The group had their first General Conference of the Reorganized Church of the Latter Day Saints at the Newkirk’s gristmill (in present day Blanchardville) on October 6, 1852. Elder Briggs presided over the conference. They discussed ways of encouraging the younger Smith to take his “rightful” place. They presented and voted on a resolution for a temporary presiding officer. "Resolved, the one holding the highest priesthood in the Church is to preside, and represent the rightful heir to the presidency of the high priesthood, in a presiding capacity."-Church Record, page 7. Much discussion was made on “who” was the “highest” amongst them. The bands renounced all would-be leaders, and were waiting in confidence for promised light and wisdom. Two representatives were sent to meet with Joseph Smith, III in Nauvoo to present a letter from Jason Briggs encouraging him to take his rightful place as leader of the church. Joseph Smith, III refused to come forward to lead the church, because he did not receive any revelation that this was his future. He would not receive confirmation of his destiny until 1860.
On March 20, 1853 a group of elders came together to pray and fast for instructions from God on “who” should be the presiding president of the church. Henry H. Deam received the following revelation: (see The true Latter Day Saints’ Herald, Volume 2, April, 1876)”Verily, thus saith the Lord, as I said unto my servant Moses, see thou do all things according to the pattern, so say I unto you. Behold the pattern is before you. It is my will that you respect authority in my church; therefore let the greatest among you preside at your conference. Let three men be appointed by the conference to select seven men from among you, who shall compose a majority of the twelve apostles; for it is my will that that quorum should not be filled up at the present. Let the president of the conference, assisted by two others, ordain them, (the senior of them shall preside); let them select twelve men from among you and ordain them to compose my high council. Behold, ye understand the order of the Bishopric, the Seventy, the Elders, the Priests, Teachers and Deacons. These organize according to the pattern. Behold I will be with you unto the end. Even so. Amen.”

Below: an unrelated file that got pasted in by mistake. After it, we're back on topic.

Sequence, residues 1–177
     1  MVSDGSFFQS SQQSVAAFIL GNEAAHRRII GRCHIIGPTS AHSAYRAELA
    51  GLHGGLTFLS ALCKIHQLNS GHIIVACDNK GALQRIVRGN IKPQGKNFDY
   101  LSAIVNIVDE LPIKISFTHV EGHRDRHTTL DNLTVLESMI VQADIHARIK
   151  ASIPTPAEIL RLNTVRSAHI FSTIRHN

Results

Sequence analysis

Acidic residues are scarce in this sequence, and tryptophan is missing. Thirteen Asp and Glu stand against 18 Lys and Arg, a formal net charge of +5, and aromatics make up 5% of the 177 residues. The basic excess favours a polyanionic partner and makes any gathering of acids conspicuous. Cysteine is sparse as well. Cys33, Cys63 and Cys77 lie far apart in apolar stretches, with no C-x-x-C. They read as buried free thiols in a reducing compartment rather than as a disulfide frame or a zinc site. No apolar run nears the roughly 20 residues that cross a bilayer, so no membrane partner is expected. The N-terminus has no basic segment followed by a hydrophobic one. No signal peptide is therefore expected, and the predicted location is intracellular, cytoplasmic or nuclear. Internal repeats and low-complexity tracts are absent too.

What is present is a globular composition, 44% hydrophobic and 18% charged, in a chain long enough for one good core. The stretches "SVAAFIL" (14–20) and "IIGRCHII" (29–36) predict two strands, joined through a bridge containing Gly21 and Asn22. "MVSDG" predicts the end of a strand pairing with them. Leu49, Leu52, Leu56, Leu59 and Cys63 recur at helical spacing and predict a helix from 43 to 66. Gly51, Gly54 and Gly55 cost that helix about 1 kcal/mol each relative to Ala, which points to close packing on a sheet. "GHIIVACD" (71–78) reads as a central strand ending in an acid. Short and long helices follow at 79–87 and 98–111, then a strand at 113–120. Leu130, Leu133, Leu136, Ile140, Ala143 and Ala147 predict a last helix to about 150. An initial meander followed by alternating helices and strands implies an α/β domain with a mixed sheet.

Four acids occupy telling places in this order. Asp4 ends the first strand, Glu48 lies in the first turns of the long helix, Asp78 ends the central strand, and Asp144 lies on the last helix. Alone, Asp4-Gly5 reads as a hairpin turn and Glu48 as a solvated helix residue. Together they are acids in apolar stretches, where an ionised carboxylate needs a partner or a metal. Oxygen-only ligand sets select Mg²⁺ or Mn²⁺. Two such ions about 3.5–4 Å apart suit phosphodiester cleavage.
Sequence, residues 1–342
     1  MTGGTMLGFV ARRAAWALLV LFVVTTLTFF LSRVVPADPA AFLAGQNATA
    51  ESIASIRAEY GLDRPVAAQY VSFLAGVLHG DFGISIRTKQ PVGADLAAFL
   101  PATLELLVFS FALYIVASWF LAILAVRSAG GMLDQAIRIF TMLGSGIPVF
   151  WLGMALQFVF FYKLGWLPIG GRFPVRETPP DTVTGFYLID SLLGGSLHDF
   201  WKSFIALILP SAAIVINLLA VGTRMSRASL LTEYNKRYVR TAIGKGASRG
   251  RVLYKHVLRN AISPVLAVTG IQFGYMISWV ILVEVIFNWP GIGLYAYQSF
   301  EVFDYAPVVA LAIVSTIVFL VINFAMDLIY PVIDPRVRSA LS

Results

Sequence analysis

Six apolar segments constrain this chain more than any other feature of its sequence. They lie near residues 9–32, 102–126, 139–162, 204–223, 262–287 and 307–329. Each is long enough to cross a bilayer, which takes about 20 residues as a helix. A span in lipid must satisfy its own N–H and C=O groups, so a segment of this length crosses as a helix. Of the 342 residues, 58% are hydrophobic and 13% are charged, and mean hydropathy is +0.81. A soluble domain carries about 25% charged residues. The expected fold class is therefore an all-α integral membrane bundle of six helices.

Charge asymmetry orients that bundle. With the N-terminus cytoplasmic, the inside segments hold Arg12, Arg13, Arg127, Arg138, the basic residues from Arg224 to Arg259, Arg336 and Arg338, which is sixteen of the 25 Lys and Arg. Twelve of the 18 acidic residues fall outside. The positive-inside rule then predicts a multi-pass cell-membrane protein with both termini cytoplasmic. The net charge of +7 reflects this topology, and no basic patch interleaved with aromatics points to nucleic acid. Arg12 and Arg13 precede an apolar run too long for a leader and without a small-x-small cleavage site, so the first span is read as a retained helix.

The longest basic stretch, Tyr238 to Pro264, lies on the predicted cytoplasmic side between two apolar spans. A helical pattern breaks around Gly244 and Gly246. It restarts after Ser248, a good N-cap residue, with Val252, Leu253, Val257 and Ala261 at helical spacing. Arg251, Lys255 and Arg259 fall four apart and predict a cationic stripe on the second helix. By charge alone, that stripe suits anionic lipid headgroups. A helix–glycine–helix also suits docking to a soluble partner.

The new Reorganized Church of LDS again met on the 6th of April 1853 where the group planned to completely cut themselves off from the established Mormon Church and Brigham Young. This was a bold and probably frightening step. At this meeting Elder Gurley said, "I have been a member of the church for twenty-three years, and in the course of my ministry have witnessed the manifestation of the Spirit in many of the branches, but never had witnessed what I did that evening. God was truly with us, and many felt to say with the poet, 'Angels are now hovering o'er us’ (The Story of the Church, by Inez Smith Davis, pg 408)."